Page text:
MONROE, Ga. — For generations, Monroe residents have watched trucks lumber through downtown and wonder when the bypass is coming.
City and state officials now say the shovel will meet dirt sooner rather than later.
“I know this is long awaited, 30 or 40 years depending on who you talk to,” City Administrator Logan Propes told the City Council recently.
Propes and Mayor John Howard met with “literally all of the top brass” of the Georgia Department of Transportation in early July about the proposed state Route 83 Connector.
GDOT proposes to connect Georgia 11 and Georgia 83 with a 4.4-mile highway.
Propes said the GDOT officials “are ensuring that this is a priority for the city of Monroe, which is good to hear because I got word that it had backed up a little bit due to right of way acquisition.”
He said there are about 80 parcels to be acquired for the road, and GDOT plans to “throw extra resources” into the purchasing process.
Propes thanked state Rep. Bruce Williamson of Monroe for getting the meeting scheduled.
“It was very encouraging that they at least want to try to start construction in 18 to 24 months,” Propes said. “They’re going to go on probably the most aggressive right of way acquisition schedule that GDOT’s had in quite some time.”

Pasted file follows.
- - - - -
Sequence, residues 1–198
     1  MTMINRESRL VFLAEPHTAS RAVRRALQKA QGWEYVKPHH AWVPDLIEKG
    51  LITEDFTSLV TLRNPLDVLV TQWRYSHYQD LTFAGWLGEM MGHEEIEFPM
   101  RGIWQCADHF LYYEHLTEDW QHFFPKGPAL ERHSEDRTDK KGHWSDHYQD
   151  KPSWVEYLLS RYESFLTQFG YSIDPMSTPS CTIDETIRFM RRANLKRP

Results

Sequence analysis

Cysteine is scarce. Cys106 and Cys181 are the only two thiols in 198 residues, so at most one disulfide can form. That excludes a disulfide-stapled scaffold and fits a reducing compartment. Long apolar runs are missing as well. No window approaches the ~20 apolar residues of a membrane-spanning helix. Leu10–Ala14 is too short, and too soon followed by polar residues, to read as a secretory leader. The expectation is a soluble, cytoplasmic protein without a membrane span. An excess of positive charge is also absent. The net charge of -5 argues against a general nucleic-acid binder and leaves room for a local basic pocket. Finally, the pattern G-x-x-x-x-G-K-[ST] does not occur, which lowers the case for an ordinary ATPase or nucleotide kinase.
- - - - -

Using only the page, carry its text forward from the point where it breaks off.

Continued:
The project has been discussed for decades, with various plans drawn up over the years. About eight years ago, the city government took over and from 2013-17 collected $500,000 in special purpose local option sales tax money for design and engineering work.
But in 2017, the city handed the project back over to the state.
The proposed route will begin at a new roundabout at Georgia 11 and L&P Parkway south of Monroe, intersect with Brushcreek Drive and connect with Pannell Road.
After crossing Old Monroe-Madison Highway, the new road will swing north, run almost parallel with Gene Bell Road, cross Vasco Adcock Road and tie in with Georgia 83 at its intersection with Unisia Drive and the Good Hope Road.
Officially, the bypass route continues along Georgia 83 to U.S. 78, then follows that route west back to North Broad Street.
Several residents of the Brush Creek neighborhood, a 54-home subdivision off Pannell Road, have signed a petition claiming the bypass “would ruin our community.”
In a retreat with City Council members on Thursday, Propes said GDOT increased the number of properties it would buy in the Brush Creek neighborhood due to concerns about the noise and the intrusion on neighbors.